For years, everyone I know has been a fan of Consumer Reports Magazine. To their credit, they remain one of the largest advertiser-free publications in existence. They also maintain one of, if not the largest database of customer satisfaction and repair data for vehicles and products (though it’s typically up to a year old by the time it gets to print). But this year they awarded some 2010 Product of the Year awards that causes us to find Consumer Reports testing methodologies flawed, or they simply don’t understand certain areas of the market. For one, they just awarded Product of the Year to a drill that comes with NiCad batteries. Huh?
In their latest edition we found this entry:
Power Drill: Porter-Cable PC180DK-2 ($100)
Consumer Reports found the 18-volt Porter-Cable PC180DK-2 to “offer speed and power” in addition to being packed with helpful extras like an LED work light and a smart charger for its two nickel-cadmium batteries.
Wow, an LED light and a smart charger for its NICKEL-CADMIUM batteries? How advanced!
Why We Find Consumer Reports Testing Methodologies Flawed
While we generally like Porter Cable, a $100 18V product that runs on Ni-Cad batteries is not exactly something we’d call the “Product of the Year”. How about all the new 12V products that have hit the market, of which some are now second and third generation? Have the testers at Consumer Reports even used lithium-ion? If all they are measuring is power and speed out of the gate, we can see how that might be a decent pick for the money; but what they don’t tell you is that Ni-Cad batteries last, in our experience, about 1-2 years at best. And of course, during that time their run-time grows gradually shorter as the dreaded memory effect takes place.
Coupled with the slow fall-time of the battery power, you end up with a tool that runs at full power for a while, eventually ratchets down, and then altogether ceases to charge.
Product of the Year? I think this is a good indication that electronics, which I’ve found Consumer Reports to be absolutely spot-off on in the past (their selections seem limited to what you can purchase at Sears, Walmart, and Best Buy), aren’t the only thing the company has little perspective on when it comes to recommendations in an industry.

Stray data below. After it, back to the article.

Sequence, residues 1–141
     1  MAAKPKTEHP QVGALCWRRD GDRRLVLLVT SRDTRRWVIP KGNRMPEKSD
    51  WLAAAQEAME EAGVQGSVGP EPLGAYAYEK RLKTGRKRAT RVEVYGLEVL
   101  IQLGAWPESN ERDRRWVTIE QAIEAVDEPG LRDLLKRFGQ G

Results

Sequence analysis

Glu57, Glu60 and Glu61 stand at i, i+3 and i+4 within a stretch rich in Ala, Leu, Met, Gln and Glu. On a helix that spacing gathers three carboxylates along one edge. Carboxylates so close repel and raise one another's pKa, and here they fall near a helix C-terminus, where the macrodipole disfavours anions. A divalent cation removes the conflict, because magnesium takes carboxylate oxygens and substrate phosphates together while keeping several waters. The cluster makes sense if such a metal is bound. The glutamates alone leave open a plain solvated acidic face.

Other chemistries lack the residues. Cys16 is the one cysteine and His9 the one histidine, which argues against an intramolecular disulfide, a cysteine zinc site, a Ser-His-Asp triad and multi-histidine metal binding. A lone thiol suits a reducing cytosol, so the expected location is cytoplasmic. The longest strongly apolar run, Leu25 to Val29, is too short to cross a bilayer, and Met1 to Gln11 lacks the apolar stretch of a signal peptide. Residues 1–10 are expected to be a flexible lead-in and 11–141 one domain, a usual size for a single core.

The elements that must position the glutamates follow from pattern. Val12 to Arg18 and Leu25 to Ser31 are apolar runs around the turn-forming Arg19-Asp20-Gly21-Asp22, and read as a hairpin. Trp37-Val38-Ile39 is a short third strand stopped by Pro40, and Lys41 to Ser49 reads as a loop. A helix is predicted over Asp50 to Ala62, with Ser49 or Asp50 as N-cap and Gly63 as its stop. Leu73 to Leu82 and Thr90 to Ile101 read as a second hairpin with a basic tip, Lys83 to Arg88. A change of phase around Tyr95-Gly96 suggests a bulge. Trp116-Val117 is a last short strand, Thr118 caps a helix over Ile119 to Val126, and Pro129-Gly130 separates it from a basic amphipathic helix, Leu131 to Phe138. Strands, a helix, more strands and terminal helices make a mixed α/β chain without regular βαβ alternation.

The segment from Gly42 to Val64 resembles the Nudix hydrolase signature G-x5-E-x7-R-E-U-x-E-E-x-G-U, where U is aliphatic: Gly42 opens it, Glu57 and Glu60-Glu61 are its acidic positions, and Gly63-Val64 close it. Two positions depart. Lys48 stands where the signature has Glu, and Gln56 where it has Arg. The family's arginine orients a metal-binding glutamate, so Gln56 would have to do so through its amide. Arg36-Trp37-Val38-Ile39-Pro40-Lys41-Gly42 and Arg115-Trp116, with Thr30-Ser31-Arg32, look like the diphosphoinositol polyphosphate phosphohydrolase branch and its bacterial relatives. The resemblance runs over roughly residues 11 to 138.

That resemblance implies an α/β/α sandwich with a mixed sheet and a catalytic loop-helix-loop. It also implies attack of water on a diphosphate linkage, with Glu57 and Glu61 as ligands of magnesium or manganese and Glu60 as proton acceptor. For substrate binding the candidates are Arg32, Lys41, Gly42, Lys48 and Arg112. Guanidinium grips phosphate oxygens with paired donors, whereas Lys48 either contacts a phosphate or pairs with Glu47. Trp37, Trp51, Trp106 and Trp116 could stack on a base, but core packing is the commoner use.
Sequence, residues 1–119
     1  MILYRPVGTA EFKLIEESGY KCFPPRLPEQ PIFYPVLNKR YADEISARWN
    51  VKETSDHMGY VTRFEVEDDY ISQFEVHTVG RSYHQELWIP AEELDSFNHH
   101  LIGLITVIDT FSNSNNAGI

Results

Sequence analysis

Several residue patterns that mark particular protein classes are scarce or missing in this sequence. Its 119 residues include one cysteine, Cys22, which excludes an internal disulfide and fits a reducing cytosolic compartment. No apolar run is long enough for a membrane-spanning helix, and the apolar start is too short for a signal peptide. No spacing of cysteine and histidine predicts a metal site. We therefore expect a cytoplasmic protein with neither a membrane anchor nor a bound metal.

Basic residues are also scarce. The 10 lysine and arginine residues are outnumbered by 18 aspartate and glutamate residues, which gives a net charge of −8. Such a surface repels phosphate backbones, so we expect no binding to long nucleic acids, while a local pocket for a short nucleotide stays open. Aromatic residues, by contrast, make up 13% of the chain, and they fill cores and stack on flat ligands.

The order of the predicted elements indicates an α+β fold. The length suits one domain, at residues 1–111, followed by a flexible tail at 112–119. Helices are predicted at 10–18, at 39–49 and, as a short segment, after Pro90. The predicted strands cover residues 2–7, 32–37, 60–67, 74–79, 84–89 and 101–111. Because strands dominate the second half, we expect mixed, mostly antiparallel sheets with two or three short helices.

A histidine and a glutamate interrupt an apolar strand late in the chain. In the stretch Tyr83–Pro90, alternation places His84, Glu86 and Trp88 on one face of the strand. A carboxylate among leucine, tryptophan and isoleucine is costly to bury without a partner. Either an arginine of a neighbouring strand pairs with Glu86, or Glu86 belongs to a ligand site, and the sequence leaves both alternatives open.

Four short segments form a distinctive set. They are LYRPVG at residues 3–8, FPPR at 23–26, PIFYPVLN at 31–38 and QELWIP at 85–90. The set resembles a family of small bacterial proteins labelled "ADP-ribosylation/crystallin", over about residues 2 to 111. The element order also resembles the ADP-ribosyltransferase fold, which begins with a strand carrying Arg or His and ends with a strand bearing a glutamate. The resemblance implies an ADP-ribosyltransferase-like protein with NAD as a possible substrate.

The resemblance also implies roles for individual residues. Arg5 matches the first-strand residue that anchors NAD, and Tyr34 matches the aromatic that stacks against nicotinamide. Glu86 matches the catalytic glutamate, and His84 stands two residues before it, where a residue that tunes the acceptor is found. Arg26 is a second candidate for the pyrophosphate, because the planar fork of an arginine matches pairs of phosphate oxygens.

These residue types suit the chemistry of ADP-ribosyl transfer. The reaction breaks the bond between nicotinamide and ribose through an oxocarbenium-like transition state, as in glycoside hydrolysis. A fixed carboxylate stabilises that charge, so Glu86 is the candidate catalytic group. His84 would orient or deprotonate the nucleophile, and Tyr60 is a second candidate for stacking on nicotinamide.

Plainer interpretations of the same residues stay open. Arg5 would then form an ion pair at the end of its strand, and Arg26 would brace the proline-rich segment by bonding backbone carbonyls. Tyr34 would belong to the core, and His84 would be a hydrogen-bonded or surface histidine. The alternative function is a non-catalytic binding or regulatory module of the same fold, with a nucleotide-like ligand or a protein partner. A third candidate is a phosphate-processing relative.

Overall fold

Other Areas for Concern
Other items where we find Consumer Reports testing methodologies flawed are, believe it or not, vehicles. Despite the company’s excellent database and commitment to testing gas mileage, braking, and steering – the company has no real sense for luxury vehicles in terms of value simply for design and handling. In addition, gas mileage, price, and their reliability reports trump just about everything else. This is why a particular truck can win the Top Pick award despite the fact that in just about every other comparison we’ve seen by professional Car and Truck magazines pan it. Those publications recognize that consumers value handling, drivability, and performance above fuel efficiency and price. Thus, it ranks behind the other two domestic models. To avoid getting hammered by the loyalists, we’ll let you research that model.
Getting the Whole Picture
Arelated issue demonstrates the seriousness of how a company “weighs” different factors. Consumer Reports recently pulled the iPhone 4 from their recommended phone list. They did so because of an antenna issue. Holding the phone a certain way decreases signal strength, causing dropped calls. In this scenario, we observed that they weighed the problem without taking into account the simplicity of the solution. This prioritized this over the entire composite base of features and advantages of the product. The use of any case (even a $5 one) eliminates the problem. Everyone I know uses a case for their phone, so the problem was moot to begin with. It seemed more of a media phenomenon and an excuse to generate publicity and traffic rather than a real issue.
Editor’s Note: They did pick the Bosch SHE55M1 Dishwasher – a choice we’d heartily back up!
So, do you think Consumer Reports is useful for power tools (or anything other than toaster ovens)? Or do you find Consumer Reports testing methodologies flawed? Sound off in the comments, and let us know.